Windrush campaigners are even more concerned about compensation claimants being delayed for longer amid the Afghanistan crisis.
Windrush survivors are the Caribbean people who arrived in the United Kingdom decades ago, usually as children and teenagers, worked and lived there throughout but because they hadn’t got their British passports were treated badly by the Conservative government. They could not work, access health care or benefits and some were deported.
Britain’s pledge to aid thousands of Afghans fleeing persecution is generally accepted as fair, but hundreds affected by the Windrush scandal have yet to receive pay-outs as delays mount.
Only 412 of the 2,367 claims submitted had received a final award despite the process being open for two years, according to a report by the Public Accounts Committee published in July.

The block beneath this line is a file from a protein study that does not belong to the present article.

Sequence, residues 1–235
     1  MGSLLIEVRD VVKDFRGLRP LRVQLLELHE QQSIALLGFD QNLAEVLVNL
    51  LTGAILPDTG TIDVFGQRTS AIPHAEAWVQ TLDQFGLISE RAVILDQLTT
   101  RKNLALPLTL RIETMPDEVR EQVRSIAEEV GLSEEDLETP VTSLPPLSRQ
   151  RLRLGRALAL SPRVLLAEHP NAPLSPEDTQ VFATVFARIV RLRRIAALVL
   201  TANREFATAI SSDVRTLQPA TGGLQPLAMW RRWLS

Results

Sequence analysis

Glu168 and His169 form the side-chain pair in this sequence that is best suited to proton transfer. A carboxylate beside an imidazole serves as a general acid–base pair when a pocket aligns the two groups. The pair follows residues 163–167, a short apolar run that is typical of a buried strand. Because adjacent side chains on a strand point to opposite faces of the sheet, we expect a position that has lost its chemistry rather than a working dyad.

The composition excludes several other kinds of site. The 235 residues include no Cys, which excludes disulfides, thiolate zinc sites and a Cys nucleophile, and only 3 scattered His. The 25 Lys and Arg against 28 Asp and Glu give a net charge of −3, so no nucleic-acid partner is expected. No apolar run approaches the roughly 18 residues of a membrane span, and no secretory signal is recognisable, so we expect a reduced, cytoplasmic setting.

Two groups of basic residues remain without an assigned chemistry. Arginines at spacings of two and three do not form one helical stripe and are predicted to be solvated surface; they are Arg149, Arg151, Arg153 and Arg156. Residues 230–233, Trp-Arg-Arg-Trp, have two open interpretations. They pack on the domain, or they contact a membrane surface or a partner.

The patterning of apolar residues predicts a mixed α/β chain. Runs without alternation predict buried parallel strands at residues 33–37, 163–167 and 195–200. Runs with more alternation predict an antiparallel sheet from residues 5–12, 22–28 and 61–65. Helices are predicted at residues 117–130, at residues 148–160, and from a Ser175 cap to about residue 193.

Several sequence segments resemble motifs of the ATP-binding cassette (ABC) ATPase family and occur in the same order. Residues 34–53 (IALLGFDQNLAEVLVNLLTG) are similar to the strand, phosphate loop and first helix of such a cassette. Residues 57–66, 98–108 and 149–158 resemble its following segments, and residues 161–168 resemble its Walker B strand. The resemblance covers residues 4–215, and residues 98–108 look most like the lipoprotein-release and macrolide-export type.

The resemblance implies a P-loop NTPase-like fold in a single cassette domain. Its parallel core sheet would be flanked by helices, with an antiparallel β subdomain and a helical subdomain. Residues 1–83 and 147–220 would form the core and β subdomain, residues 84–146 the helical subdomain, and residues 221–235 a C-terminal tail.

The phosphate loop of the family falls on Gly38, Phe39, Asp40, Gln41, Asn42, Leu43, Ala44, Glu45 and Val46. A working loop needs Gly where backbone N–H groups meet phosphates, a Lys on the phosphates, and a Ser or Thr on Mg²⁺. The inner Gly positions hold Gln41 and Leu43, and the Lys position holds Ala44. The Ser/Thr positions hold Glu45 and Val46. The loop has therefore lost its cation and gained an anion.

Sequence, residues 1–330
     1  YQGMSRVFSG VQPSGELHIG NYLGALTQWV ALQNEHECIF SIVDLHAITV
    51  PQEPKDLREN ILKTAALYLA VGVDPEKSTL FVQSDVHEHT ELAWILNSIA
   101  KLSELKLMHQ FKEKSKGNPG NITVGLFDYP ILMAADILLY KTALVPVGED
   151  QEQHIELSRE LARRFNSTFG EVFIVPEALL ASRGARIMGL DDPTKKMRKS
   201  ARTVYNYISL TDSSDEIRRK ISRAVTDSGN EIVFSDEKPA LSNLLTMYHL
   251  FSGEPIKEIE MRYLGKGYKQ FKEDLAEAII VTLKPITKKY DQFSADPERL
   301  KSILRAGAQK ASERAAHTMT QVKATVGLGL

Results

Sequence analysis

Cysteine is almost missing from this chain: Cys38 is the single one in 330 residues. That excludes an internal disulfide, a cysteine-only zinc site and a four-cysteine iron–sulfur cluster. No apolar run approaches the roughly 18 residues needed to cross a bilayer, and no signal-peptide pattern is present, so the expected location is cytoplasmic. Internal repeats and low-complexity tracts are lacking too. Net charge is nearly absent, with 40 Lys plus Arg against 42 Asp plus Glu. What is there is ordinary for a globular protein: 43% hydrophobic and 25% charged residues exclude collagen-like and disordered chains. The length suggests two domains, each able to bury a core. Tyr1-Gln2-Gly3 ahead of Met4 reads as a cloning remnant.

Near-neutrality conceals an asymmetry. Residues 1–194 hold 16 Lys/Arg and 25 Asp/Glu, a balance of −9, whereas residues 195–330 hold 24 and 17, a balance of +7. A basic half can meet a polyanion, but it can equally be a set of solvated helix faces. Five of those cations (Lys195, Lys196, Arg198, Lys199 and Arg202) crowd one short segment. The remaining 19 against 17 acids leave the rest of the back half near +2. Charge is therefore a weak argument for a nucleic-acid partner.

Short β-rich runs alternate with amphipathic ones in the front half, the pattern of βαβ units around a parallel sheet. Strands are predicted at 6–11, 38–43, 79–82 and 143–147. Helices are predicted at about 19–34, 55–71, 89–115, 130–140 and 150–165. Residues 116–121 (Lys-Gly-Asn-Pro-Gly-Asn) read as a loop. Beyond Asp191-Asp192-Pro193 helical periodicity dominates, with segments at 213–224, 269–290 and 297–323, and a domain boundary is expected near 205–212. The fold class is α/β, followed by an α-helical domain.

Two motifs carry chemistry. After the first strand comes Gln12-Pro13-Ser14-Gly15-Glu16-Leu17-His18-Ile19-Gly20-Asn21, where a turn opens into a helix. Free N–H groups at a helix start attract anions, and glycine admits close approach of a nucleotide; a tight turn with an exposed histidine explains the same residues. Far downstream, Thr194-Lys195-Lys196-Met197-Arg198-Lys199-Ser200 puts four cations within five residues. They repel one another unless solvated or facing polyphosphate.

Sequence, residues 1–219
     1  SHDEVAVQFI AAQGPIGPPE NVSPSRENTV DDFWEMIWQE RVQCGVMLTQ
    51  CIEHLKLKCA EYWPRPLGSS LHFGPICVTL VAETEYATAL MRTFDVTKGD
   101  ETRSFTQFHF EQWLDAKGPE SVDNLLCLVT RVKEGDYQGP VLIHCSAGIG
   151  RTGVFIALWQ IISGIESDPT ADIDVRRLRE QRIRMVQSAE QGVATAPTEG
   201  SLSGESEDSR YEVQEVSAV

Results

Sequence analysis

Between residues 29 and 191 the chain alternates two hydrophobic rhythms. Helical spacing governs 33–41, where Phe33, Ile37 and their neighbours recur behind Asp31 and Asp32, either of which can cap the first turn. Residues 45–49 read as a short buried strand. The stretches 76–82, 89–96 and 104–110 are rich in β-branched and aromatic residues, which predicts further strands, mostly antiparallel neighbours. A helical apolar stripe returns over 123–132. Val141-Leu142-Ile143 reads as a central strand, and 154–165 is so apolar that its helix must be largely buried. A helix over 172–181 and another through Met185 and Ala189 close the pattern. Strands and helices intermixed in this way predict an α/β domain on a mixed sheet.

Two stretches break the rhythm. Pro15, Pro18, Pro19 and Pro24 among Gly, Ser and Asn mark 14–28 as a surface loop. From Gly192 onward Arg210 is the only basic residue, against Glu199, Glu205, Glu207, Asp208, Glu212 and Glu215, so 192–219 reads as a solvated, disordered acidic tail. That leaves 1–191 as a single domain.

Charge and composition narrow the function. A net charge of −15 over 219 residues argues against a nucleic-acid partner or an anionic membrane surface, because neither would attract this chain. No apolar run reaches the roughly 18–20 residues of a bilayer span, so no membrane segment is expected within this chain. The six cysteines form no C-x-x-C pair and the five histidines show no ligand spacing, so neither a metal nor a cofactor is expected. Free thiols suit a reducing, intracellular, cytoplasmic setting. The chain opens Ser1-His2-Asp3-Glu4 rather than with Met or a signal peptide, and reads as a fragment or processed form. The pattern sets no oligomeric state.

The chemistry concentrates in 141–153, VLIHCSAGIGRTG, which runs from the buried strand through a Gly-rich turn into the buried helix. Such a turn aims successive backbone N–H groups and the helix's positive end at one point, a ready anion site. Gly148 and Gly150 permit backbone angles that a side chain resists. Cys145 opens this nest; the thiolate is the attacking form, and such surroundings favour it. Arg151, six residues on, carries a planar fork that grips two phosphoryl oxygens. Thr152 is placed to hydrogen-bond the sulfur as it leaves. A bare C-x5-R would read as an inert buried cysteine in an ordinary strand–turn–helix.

Last month, attendees at the monthly Windrush National Organisation meeting were surprised when told that the de-facto head of the Windrush Compensation Scheme, Tom Greig, had moved onto the Afghan Resettlement Programme while someone temporarily covers his post.
Windrush victims – many in their 70s and 80s - feel the Home Office is deliberately delaying making compensation payments hoping they will either die or lose the energy to seek compensation. At least 21 have died so far.